The campaign highlights the growing role of music therapy in the mental health sector, and the benefits that professional music therapy can have on the wellbeing of our communities.
Rachel Foxell is one of the 73 people currently registered as a Music Therapist in New Zealand.
She studied flute at university but became interested in music therapy while working as a teacher aide for a young boy with a brain injury, noticing that he wanted to join in when the other students were singing together.
It was a light bulb moment for Rachel. “I thought, there’s something here about the way that music is motivating him and enabling him to connect with his peers. I started looking at how music can help people with disabilities and that’s when I stumbled across music therapy.”
Rachel went on to study for a Master of Music Therapy at the University of Melbourne. She says the training is both practical and theoretical and relies on having some sort of musical competency.
“We had to learn about the brain, about psychology, and also about different models of special education; then we had to learn how to apply that to how music impacts on the brain and the body.”
Rachel is passionate about using music to help people achieve their full potential in non-musical areas. Her work takes her into many different environments working with children and adults from across the community.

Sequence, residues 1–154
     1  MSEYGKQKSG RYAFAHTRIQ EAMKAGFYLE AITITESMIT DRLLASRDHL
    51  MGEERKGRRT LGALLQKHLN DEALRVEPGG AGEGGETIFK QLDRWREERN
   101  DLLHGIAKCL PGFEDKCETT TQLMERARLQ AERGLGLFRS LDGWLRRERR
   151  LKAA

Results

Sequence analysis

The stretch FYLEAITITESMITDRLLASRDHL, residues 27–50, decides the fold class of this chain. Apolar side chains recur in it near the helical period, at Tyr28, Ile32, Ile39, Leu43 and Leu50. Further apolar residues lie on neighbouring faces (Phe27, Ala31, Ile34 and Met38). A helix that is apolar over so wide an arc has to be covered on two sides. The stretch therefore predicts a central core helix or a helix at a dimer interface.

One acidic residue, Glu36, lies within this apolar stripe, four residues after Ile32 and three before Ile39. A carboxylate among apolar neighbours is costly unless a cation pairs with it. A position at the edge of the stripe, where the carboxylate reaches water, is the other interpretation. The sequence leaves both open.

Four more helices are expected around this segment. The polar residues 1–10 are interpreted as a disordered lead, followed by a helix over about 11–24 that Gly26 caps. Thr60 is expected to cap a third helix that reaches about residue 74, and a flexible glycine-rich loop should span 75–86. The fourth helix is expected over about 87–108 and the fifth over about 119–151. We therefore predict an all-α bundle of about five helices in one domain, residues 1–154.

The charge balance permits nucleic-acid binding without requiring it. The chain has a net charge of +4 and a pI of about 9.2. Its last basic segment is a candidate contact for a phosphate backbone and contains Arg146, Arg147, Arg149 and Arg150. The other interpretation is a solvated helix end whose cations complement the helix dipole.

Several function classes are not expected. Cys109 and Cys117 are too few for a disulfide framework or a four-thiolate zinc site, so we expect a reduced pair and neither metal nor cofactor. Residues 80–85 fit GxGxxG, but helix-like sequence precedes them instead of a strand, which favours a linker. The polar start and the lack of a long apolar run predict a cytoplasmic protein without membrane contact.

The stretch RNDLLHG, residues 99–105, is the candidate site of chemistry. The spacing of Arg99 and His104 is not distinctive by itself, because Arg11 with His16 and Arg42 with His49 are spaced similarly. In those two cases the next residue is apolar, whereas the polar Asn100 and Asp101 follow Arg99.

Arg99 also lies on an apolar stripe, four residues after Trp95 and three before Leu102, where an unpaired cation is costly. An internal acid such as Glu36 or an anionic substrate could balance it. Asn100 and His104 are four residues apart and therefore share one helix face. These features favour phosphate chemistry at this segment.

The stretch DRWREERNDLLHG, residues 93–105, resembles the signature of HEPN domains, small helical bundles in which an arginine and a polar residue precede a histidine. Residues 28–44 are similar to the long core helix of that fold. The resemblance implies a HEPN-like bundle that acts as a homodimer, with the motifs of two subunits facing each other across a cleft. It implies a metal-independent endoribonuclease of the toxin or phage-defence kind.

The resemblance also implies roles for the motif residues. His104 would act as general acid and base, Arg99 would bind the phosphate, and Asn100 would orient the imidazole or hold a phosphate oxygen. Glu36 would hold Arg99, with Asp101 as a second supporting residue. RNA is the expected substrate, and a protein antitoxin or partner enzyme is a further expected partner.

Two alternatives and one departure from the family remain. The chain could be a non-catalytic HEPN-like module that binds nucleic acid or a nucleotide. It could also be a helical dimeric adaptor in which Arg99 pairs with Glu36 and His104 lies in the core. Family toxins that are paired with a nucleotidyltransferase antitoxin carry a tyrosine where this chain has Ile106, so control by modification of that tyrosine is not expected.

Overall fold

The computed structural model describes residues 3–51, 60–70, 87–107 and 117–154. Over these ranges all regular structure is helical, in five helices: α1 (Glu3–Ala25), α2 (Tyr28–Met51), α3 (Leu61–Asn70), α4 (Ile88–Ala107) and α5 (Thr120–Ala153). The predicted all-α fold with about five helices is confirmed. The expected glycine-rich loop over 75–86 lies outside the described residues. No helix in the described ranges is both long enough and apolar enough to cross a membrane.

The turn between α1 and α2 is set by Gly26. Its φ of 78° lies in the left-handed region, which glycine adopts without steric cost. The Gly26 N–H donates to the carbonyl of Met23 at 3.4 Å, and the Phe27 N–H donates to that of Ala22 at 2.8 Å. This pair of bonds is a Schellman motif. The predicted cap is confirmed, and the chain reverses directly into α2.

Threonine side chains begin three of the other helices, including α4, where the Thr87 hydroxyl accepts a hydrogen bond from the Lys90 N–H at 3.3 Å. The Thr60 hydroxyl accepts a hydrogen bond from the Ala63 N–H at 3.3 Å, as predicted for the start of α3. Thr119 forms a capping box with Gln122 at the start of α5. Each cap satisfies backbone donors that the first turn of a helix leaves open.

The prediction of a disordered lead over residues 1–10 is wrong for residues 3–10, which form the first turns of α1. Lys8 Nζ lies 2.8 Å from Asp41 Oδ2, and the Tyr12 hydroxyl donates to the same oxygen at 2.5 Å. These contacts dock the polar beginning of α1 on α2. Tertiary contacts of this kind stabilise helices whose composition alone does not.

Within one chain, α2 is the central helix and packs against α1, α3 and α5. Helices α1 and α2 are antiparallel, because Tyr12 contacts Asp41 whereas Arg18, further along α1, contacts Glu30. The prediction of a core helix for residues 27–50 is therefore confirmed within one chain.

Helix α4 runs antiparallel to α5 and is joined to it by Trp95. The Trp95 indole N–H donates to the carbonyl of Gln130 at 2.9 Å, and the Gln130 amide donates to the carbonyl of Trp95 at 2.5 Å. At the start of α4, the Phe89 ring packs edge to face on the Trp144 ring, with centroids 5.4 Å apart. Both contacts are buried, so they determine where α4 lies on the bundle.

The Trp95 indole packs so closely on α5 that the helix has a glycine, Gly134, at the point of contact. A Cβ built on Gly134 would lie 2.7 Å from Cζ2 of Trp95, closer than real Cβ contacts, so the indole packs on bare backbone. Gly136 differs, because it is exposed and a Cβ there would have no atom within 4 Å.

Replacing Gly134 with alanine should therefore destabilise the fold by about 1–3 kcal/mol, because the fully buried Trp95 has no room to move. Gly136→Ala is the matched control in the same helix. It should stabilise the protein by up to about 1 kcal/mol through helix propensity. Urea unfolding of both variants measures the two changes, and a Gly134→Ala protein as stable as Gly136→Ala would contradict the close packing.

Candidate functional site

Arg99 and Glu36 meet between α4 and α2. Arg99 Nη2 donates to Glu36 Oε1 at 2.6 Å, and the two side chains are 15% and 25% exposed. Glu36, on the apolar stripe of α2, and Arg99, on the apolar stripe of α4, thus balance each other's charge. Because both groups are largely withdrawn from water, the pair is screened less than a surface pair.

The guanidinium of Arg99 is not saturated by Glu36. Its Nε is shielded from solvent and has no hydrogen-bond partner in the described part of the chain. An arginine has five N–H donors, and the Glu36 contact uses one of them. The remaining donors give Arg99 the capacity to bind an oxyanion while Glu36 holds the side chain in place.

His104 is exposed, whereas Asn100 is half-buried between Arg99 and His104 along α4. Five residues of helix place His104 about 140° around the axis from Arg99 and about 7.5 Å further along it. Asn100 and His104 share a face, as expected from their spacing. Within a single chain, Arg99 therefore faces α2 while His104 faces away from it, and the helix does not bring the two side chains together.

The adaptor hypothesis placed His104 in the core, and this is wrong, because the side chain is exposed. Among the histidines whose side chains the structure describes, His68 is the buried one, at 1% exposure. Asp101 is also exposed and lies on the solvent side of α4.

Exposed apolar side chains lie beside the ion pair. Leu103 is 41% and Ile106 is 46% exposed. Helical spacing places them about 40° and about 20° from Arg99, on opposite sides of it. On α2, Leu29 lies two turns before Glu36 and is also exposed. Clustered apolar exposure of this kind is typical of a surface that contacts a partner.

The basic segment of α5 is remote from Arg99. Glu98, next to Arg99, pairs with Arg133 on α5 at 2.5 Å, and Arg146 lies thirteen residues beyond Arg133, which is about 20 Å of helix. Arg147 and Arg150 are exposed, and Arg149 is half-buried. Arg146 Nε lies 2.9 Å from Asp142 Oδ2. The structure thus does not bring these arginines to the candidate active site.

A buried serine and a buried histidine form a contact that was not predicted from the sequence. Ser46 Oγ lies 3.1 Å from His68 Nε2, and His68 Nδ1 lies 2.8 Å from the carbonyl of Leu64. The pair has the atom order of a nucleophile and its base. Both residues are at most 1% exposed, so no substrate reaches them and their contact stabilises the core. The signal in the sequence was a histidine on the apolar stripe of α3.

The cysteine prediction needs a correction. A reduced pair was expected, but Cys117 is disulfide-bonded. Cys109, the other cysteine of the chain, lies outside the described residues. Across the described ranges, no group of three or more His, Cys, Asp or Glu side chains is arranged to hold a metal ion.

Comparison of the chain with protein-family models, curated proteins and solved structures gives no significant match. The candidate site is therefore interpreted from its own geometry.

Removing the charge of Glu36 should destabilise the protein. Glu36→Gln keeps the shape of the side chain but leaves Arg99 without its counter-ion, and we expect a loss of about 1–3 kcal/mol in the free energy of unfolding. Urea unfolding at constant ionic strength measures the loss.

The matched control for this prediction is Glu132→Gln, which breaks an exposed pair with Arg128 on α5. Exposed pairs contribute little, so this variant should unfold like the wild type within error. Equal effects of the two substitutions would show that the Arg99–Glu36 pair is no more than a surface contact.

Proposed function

“In my typical week I work for a few days at a special school for children with disability, like children with autism, children with cerebral palsy, or developmental delay. I use songs to develop communication, eye contact; also gesturing, waiting and listening. It all builds confidence.”
She also works in a hospital with older adults with mental illness, using music in a way that will stimulate feelings of well-being. She says even people with advanced dementia can come to life because of music therapy.
“Sometimes I will walk in, having never met this person before, but I will start playing a song that they had at their wedding and they’ll open their eyes and look at me, possibly the first time they’ve made eye contact all week, and those moments of connection are so valuable… and that’s what music therapy can offer.”
To celebrate Music Therapy Week, 27 of our Registered Music Therapists have united to create a virtual choir to celebrate their use of tele-health in Music Therapy during the covid-19 pandemic.
Infographic: the neuroscience of music - learn more about how the brain processes music and why music therapy works.